Are evening academies a necessity or a plague?
Life is a race; compete or die!” It’s a famous dialogue from the Bollywood movie, 3 Idiots. For me, this applies best to the countless academies in the city.
Right after your intermediate exam is over, the ‘season’ of entry tests begins — roughly, mid-July. The academies start enrolling students with the promise to prepare them for their entry exam. With no respite allowed for even a day, the students are forced to follow a rigorous routine of revising the syllabus for the next two months.
Ironically, the academies that prepare students for the entry exams are owned by the very educational institutions where the students have already spent two years for their FA/ FSc. I wonder why, then, should these academies exist.
Perhaps, it is the default functioning mode of our education system in which the students are conditioned to memorise books to ace their board exams, but overnight the requisites change for the entry tests which are based on a ‘conceptual’ understanding of the texts.
In my opinion, academies hold hegemony in the educational landscape of a metropolitan city like Lahore. Ask any parents and they will answer in affirmative that their kids go to academies after school/ college. No wonder despite the prevailing economic situation of the country, academies are one sector that continues to thrive. They are likely to keep growing until some constructive educational reforms are brought in.
These academies are purely commercial services rather than teaching institutes. Some academies charge a whopping Rs 50,000 in fees excluding the study material which costs another Rs 6,000. A lower-middle-income family, in these times of inflation, cannot afford this.
If you look at the classrooms, they are literally henhouses with over 150 students crammed in tiny rooms. Everyday non-stop sessions go on for five or so hours. The absorbing capacity of students is not even remotely relevant to these institutions.
To add to the misery of the students, sessions are held on Sundays too. As if.
Allow me to say that both our teachers and our educational system are responsible for this situation. At school level, the academies largely function as a gateway to better grades. Mostly, these are managed by the same teachers who teach in day schools. It is sad that they should not treat their students as an opportunity for such gains. Instructors at the government school where I studied used to entice students to enroll in their evening academies. Some of them even threatened to penalise the students who ‘dared’ to enroll in the academies run by their rivals. None of us had the courage to question this.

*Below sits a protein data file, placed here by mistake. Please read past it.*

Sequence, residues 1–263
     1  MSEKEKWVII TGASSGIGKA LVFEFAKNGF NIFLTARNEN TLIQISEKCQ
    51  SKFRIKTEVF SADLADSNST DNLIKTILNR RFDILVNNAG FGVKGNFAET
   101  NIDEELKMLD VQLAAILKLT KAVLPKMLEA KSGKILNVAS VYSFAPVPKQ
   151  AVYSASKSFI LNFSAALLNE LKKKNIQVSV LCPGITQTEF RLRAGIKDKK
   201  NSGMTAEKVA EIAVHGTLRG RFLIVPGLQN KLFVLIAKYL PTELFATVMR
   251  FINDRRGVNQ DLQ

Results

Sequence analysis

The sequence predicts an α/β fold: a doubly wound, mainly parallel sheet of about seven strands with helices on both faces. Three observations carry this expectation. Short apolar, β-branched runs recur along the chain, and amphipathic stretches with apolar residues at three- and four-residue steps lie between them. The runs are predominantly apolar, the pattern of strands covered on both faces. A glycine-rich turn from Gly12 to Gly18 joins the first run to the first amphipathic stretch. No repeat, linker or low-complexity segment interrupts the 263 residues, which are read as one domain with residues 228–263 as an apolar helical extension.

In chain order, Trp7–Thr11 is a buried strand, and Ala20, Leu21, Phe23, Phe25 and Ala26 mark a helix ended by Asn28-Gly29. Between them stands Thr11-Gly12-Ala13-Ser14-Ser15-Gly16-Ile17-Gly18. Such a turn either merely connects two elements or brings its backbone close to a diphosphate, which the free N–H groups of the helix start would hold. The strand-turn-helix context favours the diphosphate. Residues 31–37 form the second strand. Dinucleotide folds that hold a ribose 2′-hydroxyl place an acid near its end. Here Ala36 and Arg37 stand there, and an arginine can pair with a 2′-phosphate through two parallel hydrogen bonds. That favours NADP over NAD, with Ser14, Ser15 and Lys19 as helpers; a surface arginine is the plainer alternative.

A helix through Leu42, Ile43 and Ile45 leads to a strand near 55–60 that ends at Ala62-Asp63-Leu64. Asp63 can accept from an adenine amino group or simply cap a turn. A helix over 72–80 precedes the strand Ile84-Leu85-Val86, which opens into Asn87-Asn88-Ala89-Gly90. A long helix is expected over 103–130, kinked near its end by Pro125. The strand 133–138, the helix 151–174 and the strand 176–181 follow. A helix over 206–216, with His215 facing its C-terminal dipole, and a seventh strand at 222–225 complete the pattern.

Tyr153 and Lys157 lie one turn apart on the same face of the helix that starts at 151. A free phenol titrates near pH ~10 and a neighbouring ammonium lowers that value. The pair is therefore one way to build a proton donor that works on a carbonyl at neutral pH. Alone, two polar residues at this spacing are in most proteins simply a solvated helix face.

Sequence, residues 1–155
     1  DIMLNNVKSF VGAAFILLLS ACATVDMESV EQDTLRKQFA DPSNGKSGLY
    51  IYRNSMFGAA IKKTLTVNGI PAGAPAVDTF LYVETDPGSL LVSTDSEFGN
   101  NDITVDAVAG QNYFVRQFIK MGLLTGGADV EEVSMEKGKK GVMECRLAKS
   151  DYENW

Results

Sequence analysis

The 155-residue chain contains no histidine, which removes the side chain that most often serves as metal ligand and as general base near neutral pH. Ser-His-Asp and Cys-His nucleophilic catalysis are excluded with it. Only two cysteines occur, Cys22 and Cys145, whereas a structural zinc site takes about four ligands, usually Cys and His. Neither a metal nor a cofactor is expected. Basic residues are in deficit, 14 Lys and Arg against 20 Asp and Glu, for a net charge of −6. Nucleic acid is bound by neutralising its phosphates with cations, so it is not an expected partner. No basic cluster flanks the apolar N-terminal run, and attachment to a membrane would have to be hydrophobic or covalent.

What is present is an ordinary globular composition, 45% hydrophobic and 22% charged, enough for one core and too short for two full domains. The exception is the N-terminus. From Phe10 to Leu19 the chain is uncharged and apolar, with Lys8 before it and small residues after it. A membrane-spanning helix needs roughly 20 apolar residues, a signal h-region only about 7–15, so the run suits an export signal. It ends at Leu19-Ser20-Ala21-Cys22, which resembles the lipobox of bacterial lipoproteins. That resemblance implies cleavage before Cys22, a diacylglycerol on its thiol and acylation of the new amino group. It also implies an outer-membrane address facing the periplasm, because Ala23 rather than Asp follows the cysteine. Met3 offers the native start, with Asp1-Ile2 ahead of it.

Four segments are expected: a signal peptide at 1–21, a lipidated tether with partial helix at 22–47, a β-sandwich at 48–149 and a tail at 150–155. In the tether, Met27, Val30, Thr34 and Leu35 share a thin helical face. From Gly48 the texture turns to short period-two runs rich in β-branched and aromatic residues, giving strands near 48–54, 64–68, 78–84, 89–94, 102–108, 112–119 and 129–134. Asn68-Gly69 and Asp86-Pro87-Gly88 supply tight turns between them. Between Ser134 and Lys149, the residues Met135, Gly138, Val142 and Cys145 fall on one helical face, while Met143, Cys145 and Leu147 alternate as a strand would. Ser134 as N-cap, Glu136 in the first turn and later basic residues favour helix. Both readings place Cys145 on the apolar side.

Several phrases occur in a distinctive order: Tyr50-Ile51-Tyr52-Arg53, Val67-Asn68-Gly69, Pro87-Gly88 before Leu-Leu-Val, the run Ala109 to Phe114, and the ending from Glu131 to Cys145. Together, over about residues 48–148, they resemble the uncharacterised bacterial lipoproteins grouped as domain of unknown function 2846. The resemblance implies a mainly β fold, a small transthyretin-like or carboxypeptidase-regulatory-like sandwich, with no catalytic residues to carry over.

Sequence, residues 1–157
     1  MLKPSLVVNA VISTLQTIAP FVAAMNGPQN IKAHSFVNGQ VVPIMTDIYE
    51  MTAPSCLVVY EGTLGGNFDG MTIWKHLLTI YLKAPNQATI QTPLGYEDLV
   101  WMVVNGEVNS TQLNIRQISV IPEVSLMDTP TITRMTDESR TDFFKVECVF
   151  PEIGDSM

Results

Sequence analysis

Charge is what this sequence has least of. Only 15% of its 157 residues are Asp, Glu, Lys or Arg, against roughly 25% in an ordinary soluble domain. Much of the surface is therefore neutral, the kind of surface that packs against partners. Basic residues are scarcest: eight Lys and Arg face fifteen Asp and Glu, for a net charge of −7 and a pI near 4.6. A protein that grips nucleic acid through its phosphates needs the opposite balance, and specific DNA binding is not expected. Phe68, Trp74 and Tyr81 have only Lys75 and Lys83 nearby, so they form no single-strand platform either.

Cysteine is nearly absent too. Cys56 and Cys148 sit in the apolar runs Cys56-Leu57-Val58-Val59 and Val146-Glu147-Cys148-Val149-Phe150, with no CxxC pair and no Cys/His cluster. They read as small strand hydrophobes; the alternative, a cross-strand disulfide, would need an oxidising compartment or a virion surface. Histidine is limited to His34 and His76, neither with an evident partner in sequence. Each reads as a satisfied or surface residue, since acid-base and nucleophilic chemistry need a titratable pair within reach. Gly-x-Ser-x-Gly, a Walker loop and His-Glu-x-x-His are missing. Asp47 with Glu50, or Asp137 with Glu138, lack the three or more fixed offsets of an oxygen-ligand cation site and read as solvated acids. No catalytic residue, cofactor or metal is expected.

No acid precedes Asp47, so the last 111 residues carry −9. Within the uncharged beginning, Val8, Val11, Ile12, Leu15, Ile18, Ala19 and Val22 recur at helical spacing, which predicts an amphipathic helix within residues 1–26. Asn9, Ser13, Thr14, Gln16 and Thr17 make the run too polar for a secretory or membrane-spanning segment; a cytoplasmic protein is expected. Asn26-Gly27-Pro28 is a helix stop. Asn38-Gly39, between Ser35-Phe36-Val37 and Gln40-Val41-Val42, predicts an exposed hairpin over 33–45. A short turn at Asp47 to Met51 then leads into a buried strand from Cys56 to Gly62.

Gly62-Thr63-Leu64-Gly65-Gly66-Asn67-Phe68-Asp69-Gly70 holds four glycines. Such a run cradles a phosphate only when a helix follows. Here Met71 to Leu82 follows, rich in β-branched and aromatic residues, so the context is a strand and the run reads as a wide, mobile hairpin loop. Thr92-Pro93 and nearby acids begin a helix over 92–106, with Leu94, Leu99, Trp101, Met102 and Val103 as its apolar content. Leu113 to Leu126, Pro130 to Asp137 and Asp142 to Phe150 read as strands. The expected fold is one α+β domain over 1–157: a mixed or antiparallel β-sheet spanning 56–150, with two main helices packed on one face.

If I must take a considerate look, the government school teachers are largely underpaid. Again, it is the government that should do something about it.
The negative impact of the academies often goes undocumented. The students here go through excessive stress, which in extreme cases forces the most sensitive ones to attempt suicide. According to a research, more than 30 percent students commit suicide because of the marks based system. Psychologists believe that the marks based system induces hysteria in some students and should make way for a grades system. Parents also play a (negative) role in this.
It is high time that voices were raised against the rather unnecessary academies. Focus should shift to a constructive growth of schools and colleges. A performance based system should reward teachers with economic benefits. They should not need to operate private academies.
A complete overhaul of teaching and evaluating systems is also indicated to encourage students to understand the underlying concepts rather than trying to reproduce their books in examinations.
The writer has BS Hons. in English literature from the University of the Punjab